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Matthew Taylor

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Matthew Taylor

Assistant Professor
Liberal Arts 406 ยท (406) 243-4122

Office Hours:

Tuesday 11:30-12:30

Wednesday 9:30-11:00

Matt joined the Economics Department at the University of Montana in 2012. He earned his PhD in Economics from the University of Oregon. Prior to entering the UO's PhD program, he served as an intelligence officer in the United States Air Force for eight and a half years. While serving in the USAF, Matt was stationed at Travis AFB in Northern California, the Naval Postgraduate School in Monterey, CA (where he earned a MA in National Security Affairs), and Hickam AFB in Hawaii. A few of the garden spots to which he had the opportunity to deploy include Uzbekistan, Qatar, U.A.E., and Diego Garcia. He grew up in Southern California and earned a BA in Political Science from the University of California, Santa Barbara (UCSB). Matt's wife is also a recovering political science major and they have two daughters, ages five and two, that keep them very busy.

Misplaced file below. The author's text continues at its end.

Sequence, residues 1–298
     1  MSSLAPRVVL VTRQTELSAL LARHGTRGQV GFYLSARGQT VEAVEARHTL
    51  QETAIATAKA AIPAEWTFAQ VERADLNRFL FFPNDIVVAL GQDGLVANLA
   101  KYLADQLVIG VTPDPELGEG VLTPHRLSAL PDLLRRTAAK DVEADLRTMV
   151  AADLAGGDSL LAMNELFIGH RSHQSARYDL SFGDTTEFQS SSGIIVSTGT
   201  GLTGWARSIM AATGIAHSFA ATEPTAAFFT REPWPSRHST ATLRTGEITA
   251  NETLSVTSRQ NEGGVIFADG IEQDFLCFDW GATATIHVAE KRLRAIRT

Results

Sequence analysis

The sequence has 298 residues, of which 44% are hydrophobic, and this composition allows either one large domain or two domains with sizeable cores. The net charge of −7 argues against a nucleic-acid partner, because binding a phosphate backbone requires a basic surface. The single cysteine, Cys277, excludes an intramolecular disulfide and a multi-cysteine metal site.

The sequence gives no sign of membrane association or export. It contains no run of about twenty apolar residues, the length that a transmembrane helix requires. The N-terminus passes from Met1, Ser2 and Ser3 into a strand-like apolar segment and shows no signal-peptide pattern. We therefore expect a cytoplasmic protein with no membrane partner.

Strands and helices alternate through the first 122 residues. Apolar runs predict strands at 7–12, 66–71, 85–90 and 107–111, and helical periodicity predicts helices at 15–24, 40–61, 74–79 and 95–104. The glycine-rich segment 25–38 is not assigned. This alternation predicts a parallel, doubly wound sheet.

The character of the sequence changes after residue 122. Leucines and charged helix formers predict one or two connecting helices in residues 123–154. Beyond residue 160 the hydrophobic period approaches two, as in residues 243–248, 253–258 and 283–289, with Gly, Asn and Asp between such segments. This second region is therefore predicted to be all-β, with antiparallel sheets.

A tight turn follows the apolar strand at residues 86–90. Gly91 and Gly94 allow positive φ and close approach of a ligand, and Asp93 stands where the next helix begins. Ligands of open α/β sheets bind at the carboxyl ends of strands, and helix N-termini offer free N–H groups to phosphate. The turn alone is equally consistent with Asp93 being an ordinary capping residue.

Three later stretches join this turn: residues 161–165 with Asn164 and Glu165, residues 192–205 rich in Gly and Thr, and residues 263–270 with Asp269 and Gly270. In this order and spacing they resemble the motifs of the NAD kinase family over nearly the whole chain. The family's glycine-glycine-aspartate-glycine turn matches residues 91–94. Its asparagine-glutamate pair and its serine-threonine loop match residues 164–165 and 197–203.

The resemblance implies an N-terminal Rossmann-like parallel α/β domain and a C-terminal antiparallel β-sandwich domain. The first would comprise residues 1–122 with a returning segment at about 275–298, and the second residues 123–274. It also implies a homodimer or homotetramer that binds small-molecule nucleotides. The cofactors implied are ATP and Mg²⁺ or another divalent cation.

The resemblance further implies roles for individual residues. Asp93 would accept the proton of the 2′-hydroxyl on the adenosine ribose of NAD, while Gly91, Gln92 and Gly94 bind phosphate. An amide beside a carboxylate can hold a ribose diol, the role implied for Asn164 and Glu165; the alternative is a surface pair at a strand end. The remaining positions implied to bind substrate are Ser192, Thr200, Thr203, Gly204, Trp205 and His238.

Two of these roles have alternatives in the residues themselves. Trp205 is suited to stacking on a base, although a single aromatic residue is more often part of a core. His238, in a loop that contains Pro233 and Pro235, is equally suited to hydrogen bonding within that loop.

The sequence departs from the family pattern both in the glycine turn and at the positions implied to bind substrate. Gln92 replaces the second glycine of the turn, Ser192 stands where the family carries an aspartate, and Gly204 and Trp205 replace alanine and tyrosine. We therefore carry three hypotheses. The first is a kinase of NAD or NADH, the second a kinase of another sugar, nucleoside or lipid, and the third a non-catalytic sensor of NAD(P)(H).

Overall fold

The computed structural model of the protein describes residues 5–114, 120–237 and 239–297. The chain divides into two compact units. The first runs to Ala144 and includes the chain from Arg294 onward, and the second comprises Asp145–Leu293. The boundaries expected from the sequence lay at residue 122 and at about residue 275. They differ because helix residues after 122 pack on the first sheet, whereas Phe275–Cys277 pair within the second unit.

University of Oregon, Ph.D. -- Economics, 2012

University of Oregon, M.S. -- Economics, 2009

Naval Postgraduate School, M.A. -- National Security Affairs, 2004

UC Santa Barbara, B.A. -- Political Science-International Relations, 1997

  • "Bias and Brains: Risk Aversion and Cognitive Ability Across Real and Hypothetical Settings," 2013, Journal of Risk and Uncertainty

Working Papers and Appendices:

  • "Information Acquisition Under Risky Conditions Across Real and Hypothetical Settings"
  • "Are High-Ability Individuals Really More Tolerant of Risk? A Test of the Relationship Between Risk Aversion and Cognitive Ability"
  • "Appendix for Bias and Brains"

Current Couses

Principles of Microeconomics

Teaching Experience

I have taught the following courses: Principles of Microeconomics, Principles of Macroeconomics, Behavioral and Experimental Economics, Intermediate Microeconomics, Environmental Economics, and Labor Economics.

My current research focuses on risk preferences. Understanding risk preferences is particularly important to environmental economists because many of the policies intended to address climate change have both uncertain costs and uncertain benefits. Thus, modeling risk preferences appropriately is critical to accurately measuring the expected welfare effects of environmental policy. Overall, my research agenda is tied together by my interests in behavioral economics, the evaluation of environmental policy, and the use of experiments to help understand economic behavior.